I don’t want to write this post. The upside is negligible and improbable. Since I work in the same sector as the subject, the downside is… let’s just not dwell on that. And this is going to veer away from the relatively irrelevant stuff I used to blog about. Sorry in advance.
Last week, a paid professional spokesman for AAA Mid-Atlantic gave what could be the , worst interview-while-sober ever, calling a critical local blog editor “developmentally retarded,” and comparing his colleagues and readers to the Ku Klux Klan. When this sort of thing spews forth from such thought leaders as Lindsay Lohan or Lady Gaga, it is rightfully condemned, sincere-sounding apologies are immediately issued, acts of contrition are performed, and ‘teachable moments’ are declared. While few walk away terribly satisfied with the whole transaction, we at least have a bit of hope that we have nudged the future decency needle just a bit higher.
Instead, AAA M-A issued a twitter-only apology that looked for all the world like a “non-apology apology.” The organization pinning blame solely on the man it pays to talk on their behalf, a cryptic spanner of doubt thrown in about “attribution,” and an assertion that “statements were presented out of context and mischaracterize the discussion.” Author Aaron Weiner pulled back the curtain on the context, and AAA M-A did not come out looking not worse.
I was among those who signed onto the byline of Greater Greater Washington’s response, and have waited for this past week for something to happen. A real apology, a firing, an act of contrition, maybe a donation to the R-word Campaign… Nothing. A few people cancelled their AAA memberships, folks checked into Better World Club, the Examiner ran a comparatively banal AAA M-A quote, AAA National warned us about the “breaking point” on gas prices, somebody started a parody twitter account, and AAA Safety reminded us that we can die on our bicycles. In other words, a return to normalcy.
I must admit that I have never liked AAA, either National or our regional chapter. Whether it is their local ‘war on cars‘ talk, their national lobbying against bicycles as transportation, or the many other instances where AAA at all levels has shown itself to be reliably opposed to the interests of sustainable transportation, I am irretrievably pessimistic that they will ever pass my own personal bike-ally litmus test [Would you answer ‘yes’ when asked, “If more people rode bicycles for transportation, more often, would that be a good thing?”].
I do not think they deserve a role in our big events, like DC’s Bike to Work Day, for those reasons alone. I have felt this way for a number of years. Many (many many) disagree with me, have told me so (sometimes angrily), passionately arguing that detente can be reached, that AAA is key to educating the driving public, and a ‘big-tent’ strategy is necessary for advancing bicycling. All fairly debatable points, and I only raise them so you may attack my motives, dear reader.
But last week, things hit a new level. And AAA M-A’s decency debt has accrued interest over this past week, at least with me. We are past the apology zone. Regardless of where you stand on the good-cop/bad-cop issues described above, I think many would agree that AAA M-A has burned its last bridge to our community. And their main arterial into our local community has always been their confounding sponsorship of DC’s Bike to Work Day.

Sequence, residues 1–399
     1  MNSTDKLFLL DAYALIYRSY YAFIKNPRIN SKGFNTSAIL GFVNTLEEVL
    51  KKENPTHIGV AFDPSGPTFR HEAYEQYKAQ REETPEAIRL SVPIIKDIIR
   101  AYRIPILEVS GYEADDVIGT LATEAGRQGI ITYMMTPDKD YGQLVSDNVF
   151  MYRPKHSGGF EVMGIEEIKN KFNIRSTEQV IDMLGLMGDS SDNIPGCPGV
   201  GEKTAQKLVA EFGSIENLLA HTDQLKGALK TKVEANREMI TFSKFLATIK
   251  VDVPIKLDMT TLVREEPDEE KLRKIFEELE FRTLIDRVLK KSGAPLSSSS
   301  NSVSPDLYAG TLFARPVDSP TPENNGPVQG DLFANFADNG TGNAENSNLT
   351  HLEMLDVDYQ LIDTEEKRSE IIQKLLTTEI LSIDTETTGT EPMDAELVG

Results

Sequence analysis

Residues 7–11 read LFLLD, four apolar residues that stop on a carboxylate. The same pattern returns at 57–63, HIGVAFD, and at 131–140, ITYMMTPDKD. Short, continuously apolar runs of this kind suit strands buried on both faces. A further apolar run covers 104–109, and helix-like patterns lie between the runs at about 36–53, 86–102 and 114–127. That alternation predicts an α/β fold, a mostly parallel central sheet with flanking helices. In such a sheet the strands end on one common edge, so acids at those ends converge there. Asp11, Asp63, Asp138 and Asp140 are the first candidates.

It is time for that sponsorship to end. Establishing detente with unrepentant organizations who try to excuse their own hate speech is just not possible (at least I hope not). I challenge the organizers and co-sponsors of Bike to Work Day to:
- Condemn AAA M-A’s recent conduct as incompatible with the ‘big tent’ of DC’s bicycling community. We gave AAA M-A ample opportunity to show themselves as allies. They have not only failed, but have since shown the darkest sides of themselves.
- Ask that they refrain from taking part, either in-person or online, in any Bike to Work Day activities. It is too late to take their logos off the signs, but it is not to late for AAA M-A to exhibit a smidgen of shame.
- Make clear that they will not be welcomed back as a Bike to Work Day co-sponsor without substantive organizational changes. DC’s bike community has sufficiently matured to the point that we do not need the endorsement of our foes for the sake of legitimacy.
I am not asking that people withhold registering or participating in Bike to Work Day. You should. Sign up now. Bike to Work Day is not only too important, but with Bike DC going back into hibernation, and the fact that we will not get an Open Streets event here until completion of the Global War on Terror, this is all we’ve got. You should enjoy it. Assuage any guilt by signing the R-word Pledge. Maybe Sharpie over the AAA logo on your t-shirt. Or just dismiss me as an oversensitive prat.
But barring some change, I will probably lay low on May 17th. The AAA’s R-word slur has put a stain on the day that AAA bikewashing will only make worse. I’ve participated in most (maybe all) Bike to Work Days since 2002, and I’ve got the garish neon rainbow of t-shirts to prove it. It is a testament to all involved that my staying away would cause an undetectable ripple among the sea of 14,000+ partying bicyclists, and I wish you all the best. But as it stands, it comes down to AAA Mid-Atlantic, or me.